"I've heard both sides on this matter, and I sit on the side of the fence that is excited that the movie is talking about real issues," Monroe says. "An eating disorder is a life-threatening disease, and what I saw was very realistic, educational and potentially inspiring if, in the end, someone finds recovery because of it."
In our society, eating disorders are "a pervasive disease that continues to get worse and worse," he says. "Part of it is stigma and shame in talking about these things. Here is a film that seems to be a realistic portrayal that people can relate to. You are writing about it, and we're talking about it, so there is less shame for someone suffering from it to talk about it. My hope is it will inspire people to reach out and get help."
The day we spoke, two fathers in Livermore and San Mateo had been on CBS This Morning claiming their daughters' suicides were triggered by 13 Reasons Why, which Netflix just granted a second season. The online service pointed to praise from within the treatment community for sparking a national discussion on teen suicide.
"We watch 13 Reasons Why and use it as a tool we call '13 Reasons Why Not,'" Monroe says of his facilities. "It's 13 reasons to live instead of 13 reasons to die. It's used to start a conversation."
The CBS report also included a psychologist surmising that anxiety, depression and other factors played stronger roles in the California suicides than a fictional television show did. "I agree that people don't kill themselves because of a television show," Monroe says. "There is a lot more going on."
There are hundreds of thousands of teenagers suffering from eating disorders that may "come out of the shadows," thanks to "a very, very accurate, well-crafted story," he says.
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While some are jumping on one movie that seeks to honestly portray the disease, the silence is deafening when it comes to the many, many more movies and television shows that distort body images for teens in the first place, he notes. "Negative body images are the result of all the other media we watch. This is the truth of all the fake media we watch."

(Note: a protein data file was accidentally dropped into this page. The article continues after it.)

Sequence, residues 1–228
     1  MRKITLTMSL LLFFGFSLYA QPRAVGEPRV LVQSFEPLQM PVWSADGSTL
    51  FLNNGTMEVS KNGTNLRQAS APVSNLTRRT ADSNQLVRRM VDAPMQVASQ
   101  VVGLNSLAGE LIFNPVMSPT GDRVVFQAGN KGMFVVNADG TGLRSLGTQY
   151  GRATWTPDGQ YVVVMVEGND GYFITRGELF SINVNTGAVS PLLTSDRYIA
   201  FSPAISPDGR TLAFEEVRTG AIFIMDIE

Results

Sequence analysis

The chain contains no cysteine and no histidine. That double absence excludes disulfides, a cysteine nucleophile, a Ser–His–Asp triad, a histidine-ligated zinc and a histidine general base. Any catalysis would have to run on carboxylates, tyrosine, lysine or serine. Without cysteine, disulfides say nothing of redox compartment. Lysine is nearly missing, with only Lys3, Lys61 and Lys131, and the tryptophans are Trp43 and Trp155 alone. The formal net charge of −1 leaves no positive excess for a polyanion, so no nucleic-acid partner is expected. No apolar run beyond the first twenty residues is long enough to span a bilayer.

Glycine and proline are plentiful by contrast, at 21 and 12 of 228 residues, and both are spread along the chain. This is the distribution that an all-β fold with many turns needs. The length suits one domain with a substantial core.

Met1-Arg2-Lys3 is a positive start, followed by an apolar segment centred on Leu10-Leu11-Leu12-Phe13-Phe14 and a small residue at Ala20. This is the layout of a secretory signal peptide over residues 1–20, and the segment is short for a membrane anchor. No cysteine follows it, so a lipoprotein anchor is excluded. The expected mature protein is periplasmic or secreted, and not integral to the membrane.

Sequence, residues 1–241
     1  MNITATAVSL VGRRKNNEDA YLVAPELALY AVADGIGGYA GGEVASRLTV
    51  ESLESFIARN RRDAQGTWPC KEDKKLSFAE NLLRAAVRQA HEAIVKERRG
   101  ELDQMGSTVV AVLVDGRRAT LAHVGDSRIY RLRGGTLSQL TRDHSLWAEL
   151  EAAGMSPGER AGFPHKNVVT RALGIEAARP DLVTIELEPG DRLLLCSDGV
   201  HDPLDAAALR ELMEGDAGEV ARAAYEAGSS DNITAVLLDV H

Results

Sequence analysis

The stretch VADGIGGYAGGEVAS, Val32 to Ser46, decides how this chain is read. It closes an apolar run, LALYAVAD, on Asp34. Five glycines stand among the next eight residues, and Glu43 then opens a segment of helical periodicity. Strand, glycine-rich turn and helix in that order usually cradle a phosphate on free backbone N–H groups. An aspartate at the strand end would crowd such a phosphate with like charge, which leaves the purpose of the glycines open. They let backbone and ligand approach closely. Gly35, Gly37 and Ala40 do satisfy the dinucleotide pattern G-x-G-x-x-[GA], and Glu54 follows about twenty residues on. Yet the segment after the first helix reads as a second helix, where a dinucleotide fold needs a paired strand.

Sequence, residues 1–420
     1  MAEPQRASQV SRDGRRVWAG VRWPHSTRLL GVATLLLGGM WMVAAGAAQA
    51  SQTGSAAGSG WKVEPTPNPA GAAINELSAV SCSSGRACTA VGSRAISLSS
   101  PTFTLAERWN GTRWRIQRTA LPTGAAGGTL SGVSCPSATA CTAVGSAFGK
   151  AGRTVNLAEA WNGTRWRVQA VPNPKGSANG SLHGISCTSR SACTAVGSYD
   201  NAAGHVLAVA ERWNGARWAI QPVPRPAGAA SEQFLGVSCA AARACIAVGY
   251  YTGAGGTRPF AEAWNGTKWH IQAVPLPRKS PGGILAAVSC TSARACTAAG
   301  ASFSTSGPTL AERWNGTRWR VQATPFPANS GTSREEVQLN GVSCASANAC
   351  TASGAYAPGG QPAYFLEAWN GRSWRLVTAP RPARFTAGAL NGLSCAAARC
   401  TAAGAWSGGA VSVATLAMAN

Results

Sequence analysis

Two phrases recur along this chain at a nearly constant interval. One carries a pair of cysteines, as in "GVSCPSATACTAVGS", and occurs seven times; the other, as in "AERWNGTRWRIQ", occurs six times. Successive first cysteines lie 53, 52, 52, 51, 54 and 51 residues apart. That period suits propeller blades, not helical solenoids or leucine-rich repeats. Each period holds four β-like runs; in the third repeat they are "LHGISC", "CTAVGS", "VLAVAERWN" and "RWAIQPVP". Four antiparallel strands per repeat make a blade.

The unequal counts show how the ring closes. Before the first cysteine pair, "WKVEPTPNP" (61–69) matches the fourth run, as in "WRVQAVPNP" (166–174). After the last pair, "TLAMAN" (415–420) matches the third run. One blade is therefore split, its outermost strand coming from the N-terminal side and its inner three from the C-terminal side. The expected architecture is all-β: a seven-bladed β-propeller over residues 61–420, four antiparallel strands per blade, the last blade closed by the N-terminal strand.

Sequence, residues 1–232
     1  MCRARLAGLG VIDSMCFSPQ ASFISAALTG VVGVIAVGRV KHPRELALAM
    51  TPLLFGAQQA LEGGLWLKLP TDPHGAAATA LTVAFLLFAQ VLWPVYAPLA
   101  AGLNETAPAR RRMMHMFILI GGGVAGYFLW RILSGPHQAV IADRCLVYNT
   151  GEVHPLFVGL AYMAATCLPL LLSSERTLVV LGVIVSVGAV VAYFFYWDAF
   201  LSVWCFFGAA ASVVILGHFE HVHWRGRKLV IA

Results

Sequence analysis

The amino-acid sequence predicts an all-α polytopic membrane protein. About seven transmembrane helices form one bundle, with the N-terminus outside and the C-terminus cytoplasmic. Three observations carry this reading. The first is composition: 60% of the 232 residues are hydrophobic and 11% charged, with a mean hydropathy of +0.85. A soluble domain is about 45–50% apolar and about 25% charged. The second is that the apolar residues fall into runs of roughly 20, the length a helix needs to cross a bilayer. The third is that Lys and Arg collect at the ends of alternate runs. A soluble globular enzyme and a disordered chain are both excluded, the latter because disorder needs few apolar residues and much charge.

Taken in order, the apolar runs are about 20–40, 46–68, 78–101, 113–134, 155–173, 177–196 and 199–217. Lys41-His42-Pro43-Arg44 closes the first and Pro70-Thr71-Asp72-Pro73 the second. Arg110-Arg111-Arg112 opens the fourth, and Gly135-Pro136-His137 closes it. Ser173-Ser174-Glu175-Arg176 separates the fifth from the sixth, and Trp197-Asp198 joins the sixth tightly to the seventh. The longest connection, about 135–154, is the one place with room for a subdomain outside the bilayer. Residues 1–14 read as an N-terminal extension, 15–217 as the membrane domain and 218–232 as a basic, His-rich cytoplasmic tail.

As with other forms of addiction, his therapists try to help clients get to the root causes for their eating disorders. He was impressed that the To the Bone trailer included scenes of "meal support exposure therapy," which can include taking the afflicted to restaurants and supermarkets. Monroe also noticed the movie includes a young man suffering from an eating disorder. "It's not as common as females," he explained, "but I think it is a lot more common than people realize."
Monroe remains hopeful the film "will bring about a level of awareness across the country among those who struggle and get them to reach out for help, whether at Newport Academy or any other facility that treats eating disorders." That would make any prerelease uproar worth the bother. As Monroe put it, "Honesty itself can be such a healer."
To the Bone was written and directed by Marti Noxon; and stars Lily Collins, Carrie Preston, Keanu Reeves and Lili Taylor. Debuts July 14 on Netflix.